"After receiving my ileostomy in January 2014, I was finally in remission for the first time in my life. Since then, I have been in awe of what it's like to be living with Crohn's disease as an afterthought, and not a constant burden weighing on my mind. I was able to be completely present for my beautiful wedding day in November, and was able to enjoy experiencing active adventures on my honeymoon! I am forever grateful for this new take on life that my ileostomy has given me. While I know that there is still a chance that my Crohn's disease will take over again, I am enjoying living life happily and healthfully for the first time in over a decade. Crohn's disease will not hinder my spirit, my sense of humor, or my hope for continued health. I know that there are future battles to be won until a cure is found. But for now, I am going to savor and thrive in my health and happiness."

Keagan Lynggard Diagnosed at age 15, Keagan began having symptoms and went undiagnosed for several years, causing expansive disease. She received her first ostomy surgery just two weeks after being diagnosed, and was in recovery at the hospital for eight months. Within the first year, she underwent seven abdominal surgeries, all resulting in either a colostomy or ileostomy.

"Living with Crohn's disease and having ostomy surgery affects a person physically, emotionally, and socially. I was overwhelmed with fear and isolated by my own insecurities. I've come a very long way since the first few years after my diagnosis and surgeries, and I want to encourage others to not allow their insecurities or life circumstances hinder their ability to enjoy life and fulfill their dreams. Over the years, I reaffirmed that everything really does happen for a reason, and that what may seem like the worst-case scenario can be transformed into something pretty incredible. The reality is, although it may feel like it at times, my life is so much more than ongoing medical babble."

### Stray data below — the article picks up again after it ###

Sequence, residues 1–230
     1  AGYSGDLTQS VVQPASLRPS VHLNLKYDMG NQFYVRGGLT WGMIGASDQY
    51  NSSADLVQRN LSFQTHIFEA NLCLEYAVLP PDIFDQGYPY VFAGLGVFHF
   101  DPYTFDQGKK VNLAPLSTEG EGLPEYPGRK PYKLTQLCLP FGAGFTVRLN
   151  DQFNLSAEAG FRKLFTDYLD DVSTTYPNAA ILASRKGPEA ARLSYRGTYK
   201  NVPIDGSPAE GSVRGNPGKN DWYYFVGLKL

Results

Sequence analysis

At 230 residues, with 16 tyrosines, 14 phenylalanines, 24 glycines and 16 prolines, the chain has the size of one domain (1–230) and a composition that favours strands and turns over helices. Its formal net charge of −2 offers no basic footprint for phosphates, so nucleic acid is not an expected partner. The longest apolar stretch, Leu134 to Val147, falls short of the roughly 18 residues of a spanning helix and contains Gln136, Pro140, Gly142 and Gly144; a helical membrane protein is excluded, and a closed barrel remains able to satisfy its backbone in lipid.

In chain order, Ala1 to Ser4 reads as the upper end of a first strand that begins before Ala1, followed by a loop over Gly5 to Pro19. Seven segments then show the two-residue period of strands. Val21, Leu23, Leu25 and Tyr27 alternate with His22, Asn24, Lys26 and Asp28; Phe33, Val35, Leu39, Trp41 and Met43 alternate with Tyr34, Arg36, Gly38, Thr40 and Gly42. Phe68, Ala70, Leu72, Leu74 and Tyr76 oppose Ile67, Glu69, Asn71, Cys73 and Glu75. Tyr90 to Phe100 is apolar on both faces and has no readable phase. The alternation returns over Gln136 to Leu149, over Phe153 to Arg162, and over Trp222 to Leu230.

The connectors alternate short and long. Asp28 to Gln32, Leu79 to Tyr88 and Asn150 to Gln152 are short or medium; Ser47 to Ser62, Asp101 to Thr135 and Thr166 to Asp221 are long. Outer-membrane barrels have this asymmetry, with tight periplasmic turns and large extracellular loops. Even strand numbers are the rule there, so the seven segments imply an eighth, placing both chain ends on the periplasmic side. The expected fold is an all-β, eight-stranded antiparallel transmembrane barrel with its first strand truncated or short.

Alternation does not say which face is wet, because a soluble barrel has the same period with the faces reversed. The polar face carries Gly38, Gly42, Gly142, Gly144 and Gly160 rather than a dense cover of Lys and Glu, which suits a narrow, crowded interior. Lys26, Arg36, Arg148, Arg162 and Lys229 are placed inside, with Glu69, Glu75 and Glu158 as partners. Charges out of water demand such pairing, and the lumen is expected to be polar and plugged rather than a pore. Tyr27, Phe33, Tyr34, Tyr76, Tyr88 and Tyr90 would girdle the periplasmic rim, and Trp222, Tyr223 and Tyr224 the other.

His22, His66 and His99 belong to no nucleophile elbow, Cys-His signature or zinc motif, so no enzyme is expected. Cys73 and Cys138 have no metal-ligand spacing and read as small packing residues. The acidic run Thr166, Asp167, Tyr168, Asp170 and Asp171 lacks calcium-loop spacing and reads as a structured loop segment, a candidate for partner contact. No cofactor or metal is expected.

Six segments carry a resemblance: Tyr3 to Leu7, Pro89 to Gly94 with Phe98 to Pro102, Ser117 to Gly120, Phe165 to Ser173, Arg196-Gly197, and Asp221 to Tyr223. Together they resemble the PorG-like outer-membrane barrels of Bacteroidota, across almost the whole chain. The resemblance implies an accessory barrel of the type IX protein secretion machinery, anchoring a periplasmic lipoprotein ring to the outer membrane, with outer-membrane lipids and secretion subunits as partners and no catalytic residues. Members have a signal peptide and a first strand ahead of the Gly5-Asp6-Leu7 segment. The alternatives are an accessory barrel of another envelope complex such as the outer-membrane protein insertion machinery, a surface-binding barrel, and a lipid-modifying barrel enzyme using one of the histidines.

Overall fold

For more information about Take Steps, CCFA's national walk program, visit www.cctakesteps.org

About Crohn's Disease and Ulcerative Colitis Known collectively as inflammatory bowel diseases (IBD), Crohn's disease and ulcerative colitis affects 1 in 200 people. They are painful, medically incurable diseases that attack the digestive system. Crohn's disease may attack anywhere along the digestive tract, while ulcerative colitis inflames only the large intestine (colon). Symptoms may include abdominal pain, persistent diarrhea, rectal bleeding, fever and weight loss. Many patients require numerous hospitalizations and surgery. Most people develop the diseases between the ages of 15 and 35; however the incidence is increasing in children.

About Take Steps Take Steps is the Crohn's & Colitis Foundation of America's national walk program. These walks raise funds for critical research and increase awareness of Crohn's disease and ulcerative colitis, painful and unpredictable digestive diseases. Thousands of people will gather this year in more than 140communities across the country. Our walks are family friendly festivals with activities for everyone including games, music, and great food. Funds raised through Take Steps will help transform the lives of those impacted by these diseases, and support CCFA's critical research, education, and patient support programs. Walk with us today: get started at www.cctakesteps.org.

About the Crohn's & Colitis Foundation of America The Crohn's & Colitis Foundation of America (CCFA) is the largest voluntary non-profit health organization dedicated to finding cures for Inflammatory Bowel Diseases (IBD). CCFA's mission is to cure Crohn's disease and ulcerative colitis, and to improve the quality of life of children and adults who suffer from these diseases. The Foundation works to fulfill its mission by funding research, providing educational resources for patients and their families, medical professionals, and the public, and furnishing supportive services for those afflicted with IBD. For more information, visit www.ccfa.org, call 888-694-8872, join us on Facebook at www.facebook.com/ccfafb and www.facebook.com/ccfatakesteps, or follow CCFA and Take Steps on Twitter at www.twitter.com/ccfa.

CONTACT: Crystal Ware, 1-646-477-2740 , cware@ccfa.org